Organisations need to have a point of view and a position on issues such as diversity, environmental sustainability, and work-life balance. Not doing so runs the risk of alienating a significant portion of both your workforce and your customer base, with major economic consequences. We’ve seen this in the rise of thoughtful (and not so thoughtful) corporate responses to social injustices around the world – a phenomenon unique in the era where CEOs are constantly under a microscope. Having predictive issues management in place supports a strategy of getting ahead of crises before they erupt, demonstrating empathetic and compassionate leadership in the midst of uncertainty.

The Role of AI-Enabled Tools in Crisis Management

Using predictive risk analysis means that you have to be tapped into a lot of conversations around the world. Thankfully, AI can do the heavy lifting by enabling us to sift through these conversations to read weak signals that indicate potential emerging issues. Predictive analytics, social listening, hazard map development – all these tools have the ability to scan millions upon millions of online data that may be relevant to your stakeholders. It can provide insights on whether a specific policy is being mentioned more than usual on social media, whether your brand is a topic of conversation in specific communities, or even if there is a spike of police reports near your offices.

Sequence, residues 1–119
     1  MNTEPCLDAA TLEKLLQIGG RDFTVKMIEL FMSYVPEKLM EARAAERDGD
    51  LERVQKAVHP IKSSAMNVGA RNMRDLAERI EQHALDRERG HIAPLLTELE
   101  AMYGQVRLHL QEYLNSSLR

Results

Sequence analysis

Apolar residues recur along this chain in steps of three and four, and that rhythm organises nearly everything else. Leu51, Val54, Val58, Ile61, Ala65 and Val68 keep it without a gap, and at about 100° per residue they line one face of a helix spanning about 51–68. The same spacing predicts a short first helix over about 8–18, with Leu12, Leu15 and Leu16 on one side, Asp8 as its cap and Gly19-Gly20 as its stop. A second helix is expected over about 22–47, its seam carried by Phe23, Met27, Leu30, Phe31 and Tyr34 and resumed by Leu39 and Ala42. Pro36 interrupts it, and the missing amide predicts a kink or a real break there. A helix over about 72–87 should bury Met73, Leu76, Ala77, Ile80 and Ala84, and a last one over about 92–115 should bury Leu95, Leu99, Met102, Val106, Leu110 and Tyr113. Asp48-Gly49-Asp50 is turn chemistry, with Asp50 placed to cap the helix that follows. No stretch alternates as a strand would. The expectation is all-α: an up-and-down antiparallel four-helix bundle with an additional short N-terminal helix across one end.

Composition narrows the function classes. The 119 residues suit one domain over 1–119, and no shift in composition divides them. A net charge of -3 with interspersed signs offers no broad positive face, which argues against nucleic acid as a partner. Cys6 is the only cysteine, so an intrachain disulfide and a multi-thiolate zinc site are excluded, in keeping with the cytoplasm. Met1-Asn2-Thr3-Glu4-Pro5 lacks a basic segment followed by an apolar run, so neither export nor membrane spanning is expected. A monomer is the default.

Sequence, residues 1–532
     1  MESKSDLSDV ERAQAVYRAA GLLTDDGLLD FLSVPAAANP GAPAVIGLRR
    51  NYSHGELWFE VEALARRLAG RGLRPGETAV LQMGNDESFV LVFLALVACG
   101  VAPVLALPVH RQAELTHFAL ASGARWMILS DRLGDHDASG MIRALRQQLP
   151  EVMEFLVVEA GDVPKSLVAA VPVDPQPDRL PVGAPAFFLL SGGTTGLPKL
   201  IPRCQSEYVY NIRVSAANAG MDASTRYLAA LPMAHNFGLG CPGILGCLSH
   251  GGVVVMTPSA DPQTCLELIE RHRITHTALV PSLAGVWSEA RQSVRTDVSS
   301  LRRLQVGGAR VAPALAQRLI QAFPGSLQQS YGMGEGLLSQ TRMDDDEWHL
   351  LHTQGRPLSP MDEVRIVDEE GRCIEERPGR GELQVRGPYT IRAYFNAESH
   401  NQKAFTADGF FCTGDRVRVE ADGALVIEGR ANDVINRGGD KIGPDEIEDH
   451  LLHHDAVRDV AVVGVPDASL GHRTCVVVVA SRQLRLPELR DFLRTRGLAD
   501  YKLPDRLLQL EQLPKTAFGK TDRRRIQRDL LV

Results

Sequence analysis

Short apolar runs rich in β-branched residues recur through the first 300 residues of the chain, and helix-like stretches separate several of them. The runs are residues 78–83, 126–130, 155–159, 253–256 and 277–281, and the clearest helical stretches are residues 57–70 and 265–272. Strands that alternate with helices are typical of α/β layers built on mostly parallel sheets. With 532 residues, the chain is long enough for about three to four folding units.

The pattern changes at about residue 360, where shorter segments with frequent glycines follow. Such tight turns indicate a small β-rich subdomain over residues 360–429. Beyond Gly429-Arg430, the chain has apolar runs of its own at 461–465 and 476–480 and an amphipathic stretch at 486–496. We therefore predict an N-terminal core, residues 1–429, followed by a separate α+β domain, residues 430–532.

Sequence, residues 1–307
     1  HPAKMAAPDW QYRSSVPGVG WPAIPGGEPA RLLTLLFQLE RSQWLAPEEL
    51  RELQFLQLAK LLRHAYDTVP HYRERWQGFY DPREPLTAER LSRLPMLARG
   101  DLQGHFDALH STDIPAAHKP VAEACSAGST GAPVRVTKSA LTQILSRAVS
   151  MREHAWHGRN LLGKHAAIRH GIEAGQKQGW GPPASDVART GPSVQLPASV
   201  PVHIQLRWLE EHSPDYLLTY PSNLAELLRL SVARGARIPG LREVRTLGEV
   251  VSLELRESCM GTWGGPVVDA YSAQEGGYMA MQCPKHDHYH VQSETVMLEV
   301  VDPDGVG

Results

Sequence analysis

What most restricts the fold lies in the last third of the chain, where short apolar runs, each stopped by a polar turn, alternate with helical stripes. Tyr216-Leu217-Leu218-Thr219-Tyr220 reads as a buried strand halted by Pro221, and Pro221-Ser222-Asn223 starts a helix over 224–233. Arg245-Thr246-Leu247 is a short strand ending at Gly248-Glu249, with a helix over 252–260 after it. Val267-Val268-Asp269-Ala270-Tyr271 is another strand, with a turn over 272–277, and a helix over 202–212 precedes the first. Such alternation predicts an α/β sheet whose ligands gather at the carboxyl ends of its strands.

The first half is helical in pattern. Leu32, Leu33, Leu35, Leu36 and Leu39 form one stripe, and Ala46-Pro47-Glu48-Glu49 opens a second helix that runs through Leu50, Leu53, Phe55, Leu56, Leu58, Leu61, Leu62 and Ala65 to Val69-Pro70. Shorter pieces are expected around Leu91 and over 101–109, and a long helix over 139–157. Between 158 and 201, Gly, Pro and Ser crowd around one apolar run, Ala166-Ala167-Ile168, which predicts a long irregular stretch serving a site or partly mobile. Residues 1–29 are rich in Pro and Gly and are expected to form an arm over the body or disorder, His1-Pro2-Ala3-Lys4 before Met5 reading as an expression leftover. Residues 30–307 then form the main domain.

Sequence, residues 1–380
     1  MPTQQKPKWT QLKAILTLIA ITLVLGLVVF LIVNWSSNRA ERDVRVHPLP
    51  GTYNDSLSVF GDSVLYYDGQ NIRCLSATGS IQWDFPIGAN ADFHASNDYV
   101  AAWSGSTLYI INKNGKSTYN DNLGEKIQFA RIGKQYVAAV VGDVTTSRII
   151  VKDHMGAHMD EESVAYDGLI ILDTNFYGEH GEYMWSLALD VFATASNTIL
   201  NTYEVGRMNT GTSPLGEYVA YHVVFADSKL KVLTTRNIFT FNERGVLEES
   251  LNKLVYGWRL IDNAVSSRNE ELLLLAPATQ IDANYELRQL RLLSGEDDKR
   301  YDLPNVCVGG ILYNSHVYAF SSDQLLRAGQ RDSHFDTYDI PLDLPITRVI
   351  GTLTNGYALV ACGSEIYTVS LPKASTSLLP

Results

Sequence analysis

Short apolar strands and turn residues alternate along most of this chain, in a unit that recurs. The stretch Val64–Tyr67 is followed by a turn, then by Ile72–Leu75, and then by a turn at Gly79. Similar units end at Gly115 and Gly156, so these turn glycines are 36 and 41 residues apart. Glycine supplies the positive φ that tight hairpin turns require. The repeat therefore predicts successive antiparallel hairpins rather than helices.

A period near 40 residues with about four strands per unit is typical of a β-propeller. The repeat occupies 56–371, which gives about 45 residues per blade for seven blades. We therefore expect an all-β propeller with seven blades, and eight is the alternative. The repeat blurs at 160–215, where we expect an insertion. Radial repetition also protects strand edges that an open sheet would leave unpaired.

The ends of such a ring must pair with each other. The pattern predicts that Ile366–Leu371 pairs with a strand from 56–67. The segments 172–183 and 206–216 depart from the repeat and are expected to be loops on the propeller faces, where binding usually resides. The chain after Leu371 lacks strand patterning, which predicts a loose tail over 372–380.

Supplementing traditional crisis management with these innovations gives us the agility digital platforms provide. That said, it’s important to understand that this will not replace the current crisis communications handbook. Experienced crisis specialists will be key in reading situations and guiding the digital wizards who are analysing the data and disseminating content on a range of digital platforms. Marrying these two capabilities, however, is easier said than done. If you are not open to other new ways of thinking, then it will only cause conflict for you and within your organisation. 

How Leaders Can Adapt This Mindset

The first step is to face reality. Leaders today need to become aware that the old way of thinking needs to change. A quick look at the global challenges we currently face and the dismal way in which both governments and the private sector have responded give some indication of the magnitude of the problem. Wicked problems cannot be solved – only managed. For many business leaders, this may be counterintuitive to their management style because they want certainty. They want problems to be solved. This is a call for them to look at the world through a different lens, not an expectation that they should entirely change the way they run their organizations. 

Using this approach with your crisis management team will be key to keeping a finger on the pulse of fast emerging issues and mapping out those that are important to you and your stakeholders. Crisis experts schooled in systems thinking combined with team members who can master AI-enabled tools are the ideal mix of competencies you need to deliver leading-edge crisis management for your organisation.

Ultimately, it’s about understanding how today’s technology can help you enhance your current management style to lead with systems thinking. While AI is still at a very early stage, it can help you create resilient processes to effectively respond to crises in a strategic, thoughtful, and empathetic manner. As we navigate an increasingly unstable world, leaders are in a unique position where they must constantly prove themselves. If they don’t embrace new ways of thinking, each crisis will feel like a fatal blow, and eventually, one of them will be.